Worksheets and No Prep Teaching Resources
Worksheets and No Prep Teaching Resources
Native Americans
Native Americans of the Southeast Cultural Area

Native Americans of the Southeast Cultural Area
Reading Level
     edHelper's suggested reading level:   grades 4 to 6
     Flesch-Kincaid grade level:   7.07

     challenging words:    chickees, chiefdoms, Chunkey, daub, earthen, reestablish, renewal, semi, shrewd, wraparound, achievement, area, ritual, rectangular, deerskin, capes
     content words:    Eastern Woodland, United States, Atlantic Ocean, Mississippi River, Great Lakes, Ohio River, Native Americans, Mound Builders, Temple Mound, Great Sun

Print Native Americans of the Southeast Cultural Area
     Print Native Americans of the Southeast Cultural Area  (font options, pick words for additional puzzles, and more)

Quickly Print - PDF format
     Quickly Print: PDF (2 columns per page)

     Quickly Print: PDF (full page)

Quickly Print - HTML format
     Quickly Print: HTML

Proofreading Activity
     Print a proofreading activity

Feedback on Native Americans of the Southeast Cultural Area
     Leave your feedback on Native Americans of the Southeast Cultural Area  (use this link if you found an error in the story)

Native Americans of the Southeast Cultural Area
By Jennifer Kenny

1     The Eastern Woodland area is the eastern part of the United States, which runs from the Atlantic Ocean to the Mississippi River. It includes the Great Lakes. Most scientists divide the region into the Northeast and the Southeast cultural areas. The southeastern portion ran from the Ohio River south to the Gulf of Mexico. The climate is humid and is well watered.
2     The Native Americans in this area were here before the year 500 AD. They were originally nomads who hunted, fished, and gathered roots and seeds. Then they cultivated maize, or corn, and that revolutionized their lives and permitted the development of complex societies.
3     Around 800 AD, the Mound Builders (or Mississippian) or Temple Mound culture built great earthen burial mounds. They built the city of Cahokia, which at one point may have had more than 20,000 people. It was as large as the large cities in Europe of that time. The Mound Builders were master farmers who settled along rivers. They also built massive earthworks to support their temples and their rulers' homes. The city declined by the year 1200 AD.
4     The farmers in this area were experts. Maize, beans, squash, and sunflowers were the staple crops. The Cherokees and others had three kinds of maize. They roasted one kind, boiled one kind, and ground one into flour for cornbread. If the soil was thought to be too sandy, they would move their fields to keep their crops healthy. The Natchez and Muskogean were farmers in this area who used hoes with stone, bone, or shell blades.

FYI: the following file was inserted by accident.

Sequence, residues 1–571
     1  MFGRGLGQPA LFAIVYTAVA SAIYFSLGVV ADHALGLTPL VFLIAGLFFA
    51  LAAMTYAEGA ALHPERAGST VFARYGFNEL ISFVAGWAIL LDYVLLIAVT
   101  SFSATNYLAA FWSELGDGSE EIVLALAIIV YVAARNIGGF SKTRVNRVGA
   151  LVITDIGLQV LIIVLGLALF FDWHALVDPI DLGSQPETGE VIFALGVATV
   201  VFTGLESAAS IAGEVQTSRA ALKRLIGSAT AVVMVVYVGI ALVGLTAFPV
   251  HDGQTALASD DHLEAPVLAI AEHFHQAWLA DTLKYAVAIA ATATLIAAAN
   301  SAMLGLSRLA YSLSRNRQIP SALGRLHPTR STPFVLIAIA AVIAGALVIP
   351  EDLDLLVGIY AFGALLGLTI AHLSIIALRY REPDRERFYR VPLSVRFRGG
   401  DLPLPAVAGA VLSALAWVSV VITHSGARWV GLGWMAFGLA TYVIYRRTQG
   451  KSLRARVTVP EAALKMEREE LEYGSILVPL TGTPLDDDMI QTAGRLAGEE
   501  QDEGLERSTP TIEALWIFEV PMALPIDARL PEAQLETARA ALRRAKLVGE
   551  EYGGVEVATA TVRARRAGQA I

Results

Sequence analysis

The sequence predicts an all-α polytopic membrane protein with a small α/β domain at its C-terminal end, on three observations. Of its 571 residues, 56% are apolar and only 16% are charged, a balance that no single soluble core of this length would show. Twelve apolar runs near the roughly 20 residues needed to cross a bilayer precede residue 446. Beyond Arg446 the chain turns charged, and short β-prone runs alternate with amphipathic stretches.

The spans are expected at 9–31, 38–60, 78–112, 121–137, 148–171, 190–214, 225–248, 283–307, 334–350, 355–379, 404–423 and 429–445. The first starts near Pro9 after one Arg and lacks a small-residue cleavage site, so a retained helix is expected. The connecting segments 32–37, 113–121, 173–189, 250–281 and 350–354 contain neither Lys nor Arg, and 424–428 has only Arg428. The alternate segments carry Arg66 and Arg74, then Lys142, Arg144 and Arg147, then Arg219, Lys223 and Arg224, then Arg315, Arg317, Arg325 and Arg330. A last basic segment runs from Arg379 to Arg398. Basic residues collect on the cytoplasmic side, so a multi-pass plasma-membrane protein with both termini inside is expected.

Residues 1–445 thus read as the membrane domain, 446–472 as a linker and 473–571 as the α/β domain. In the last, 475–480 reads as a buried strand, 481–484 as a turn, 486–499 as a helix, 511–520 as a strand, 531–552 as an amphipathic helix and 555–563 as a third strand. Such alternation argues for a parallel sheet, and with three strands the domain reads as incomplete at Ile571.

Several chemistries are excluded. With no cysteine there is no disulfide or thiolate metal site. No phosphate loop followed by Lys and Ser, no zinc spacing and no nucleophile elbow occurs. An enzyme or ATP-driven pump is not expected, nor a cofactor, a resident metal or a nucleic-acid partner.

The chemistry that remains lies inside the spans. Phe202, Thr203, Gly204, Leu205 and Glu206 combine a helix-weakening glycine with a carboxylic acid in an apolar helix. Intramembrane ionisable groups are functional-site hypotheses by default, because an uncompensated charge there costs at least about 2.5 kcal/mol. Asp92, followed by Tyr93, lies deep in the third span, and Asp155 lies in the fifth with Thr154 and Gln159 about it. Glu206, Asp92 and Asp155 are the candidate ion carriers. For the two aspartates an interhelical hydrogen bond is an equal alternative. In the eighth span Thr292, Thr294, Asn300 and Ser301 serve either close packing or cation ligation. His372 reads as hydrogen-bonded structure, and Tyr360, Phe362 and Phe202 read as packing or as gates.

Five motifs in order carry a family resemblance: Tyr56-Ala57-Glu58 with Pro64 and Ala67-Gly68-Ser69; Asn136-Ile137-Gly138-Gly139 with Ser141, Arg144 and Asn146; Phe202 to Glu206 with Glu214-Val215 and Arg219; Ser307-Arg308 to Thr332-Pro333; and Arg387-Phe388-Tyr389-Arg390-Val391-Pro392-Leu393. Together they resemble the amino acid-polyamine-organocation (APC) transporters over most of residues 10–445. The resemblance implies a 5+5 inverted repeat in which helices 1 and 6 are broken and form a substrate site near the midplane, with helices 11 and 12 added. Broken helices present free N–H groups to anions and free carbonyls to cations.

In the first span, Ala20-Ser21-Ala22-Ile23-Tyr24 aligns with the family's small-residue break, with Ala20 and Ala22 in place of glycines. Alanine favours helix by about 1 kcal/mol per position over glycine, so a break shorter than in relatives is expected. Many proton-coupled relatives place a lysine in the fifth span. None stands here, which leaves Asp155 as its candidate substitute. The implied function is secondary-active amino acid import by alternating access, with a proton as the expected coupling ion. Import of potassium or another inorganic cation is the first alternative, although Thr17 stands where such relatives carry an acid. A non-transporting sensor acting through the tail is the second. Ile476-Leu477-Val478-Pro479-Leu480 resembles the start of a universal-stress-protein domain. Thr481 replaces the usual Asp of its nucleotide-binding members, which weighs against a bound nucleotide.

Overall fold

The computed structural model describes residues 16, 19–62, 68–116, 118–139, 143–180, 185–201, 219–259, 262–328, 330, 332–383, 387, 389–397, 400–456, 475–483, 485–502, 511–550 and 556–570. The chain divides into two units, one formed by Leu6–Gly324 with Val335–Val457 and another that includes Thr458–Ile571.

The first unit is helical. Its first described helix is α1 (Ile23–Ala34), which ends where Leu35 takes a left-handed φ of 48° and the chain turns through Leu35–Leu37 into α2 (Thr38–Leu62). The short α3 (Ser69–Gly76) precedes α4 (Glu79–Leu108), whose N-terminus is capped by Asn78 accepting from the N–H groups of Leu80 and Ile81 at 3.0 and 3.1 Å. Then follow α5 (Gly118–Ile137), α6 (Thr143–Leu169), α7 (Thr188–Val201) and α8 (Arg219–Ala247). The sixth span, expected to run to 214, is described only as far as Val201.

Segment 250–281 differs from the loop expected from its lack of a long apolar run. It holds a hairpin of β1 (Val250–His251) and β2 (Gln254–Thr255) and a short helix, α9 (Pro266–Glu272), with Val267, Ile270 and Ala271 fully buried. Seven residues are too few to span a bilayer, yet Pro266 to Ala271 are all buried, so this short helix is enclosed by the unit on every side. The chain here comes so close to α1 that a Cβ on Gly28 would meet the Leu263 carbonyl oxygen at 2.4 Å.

5     The Native Americans used bows and arrows to kill deer. They used blowguns with poison darts to hunt turkey and small game. They used spears, traps, and enclosures set in waterways to capture fish. They also collected nuts, fruits, edible roots, stalks, and leaves which could then be stored in baskets. Further south, the men hunted alligators.
6     The Indians in this area lived in villages. Villagers governed their own affairs. A head chief who discussed community matters led village councils. Some tribes organized into chiefdoms, which had a supreme ruler. Social rank was determined by birth.
7     The Natchez were sun-worshippers. A leader known as Great Sun, who according to the Natchez was a living god, ruled them. His relatives were the high priests called Suns. Then came the nobles, followed by the commoners, who did the farming, hunting, and mound building.
8     The Cherokee and Choctaw were more democratic and less formal. Their leaders were determined by achievement.
9     The homes and the public buildings were rectangular (although sometimes circular). They were constructed of wattle and daub. Branches and vines were woven over poles (wattle) and covered with mud or clay (daub). Sometimes thatch or animal hides were used as a covering also.

Paragraphs 10 to 17:
For the complete story with questions: click here for printable

Weekly Reading Books

          Create Weekly Reading Books

Prepare for an entire week at once!

Native Americans
             Native Americans

United States
             United States

    American Government  
    Black History and Blacks in U.S. History  
    Children in History  
    Government Careers  
    Hispanic Heritage  
    How Can I Help?  
    National Parks and Monuments  
    Native Americans  
    Presidents of the United States  
    Women's History  

United States History
    A Nation Divided
    A New Nation
    After the Civil War
    American Revolution  
    Cold War
    Colonial America (1492-1776)  
    Lewis and Clark
    Pearl Harbor  
    Spanish American War (1898)  
    The 1890's  
    The 1900's  
    The 1910's  
    The 1920's  
    The 1930's  
    The 1940's  
    The 1950's  
    The 1960's  
    The 1970's  
    The 1980's  
    The 1990's  
    The 2000's  
    The Civil War
    The Great Depression
    The United States Grows
    The War of 1812  
    Wild, Wild West  
    World War I
    World War II  

50 States

             Fifty States Theme Unit

Document Based Activities
      Document Based Activities

More Activities, Lesson Plans, and Worksheets

Back to School
Graphic Organizers
Alphabet Worksheets
Sight Words
Math Worksheets
50 States

Monthly Themes

Place Value
Time and Calendar
Earth Day
Solar System
Following Directions
Cursive Writing
Patterns and Sequencing
All About Me

First Grade
Second Grade
Third Grade
Fourth Grade
Fifth Grade
Sixth Grade

Main Idea
Cause and Effect
Order of Operations
Community Helpers
Addition and Subtraction
Bulletin Board Ideas
Word Searches
Crossword Puzzles
Printable Puzzles

Reading Comprehension
Reading Skills
English Language Arts

Copyright © 2017 edHelper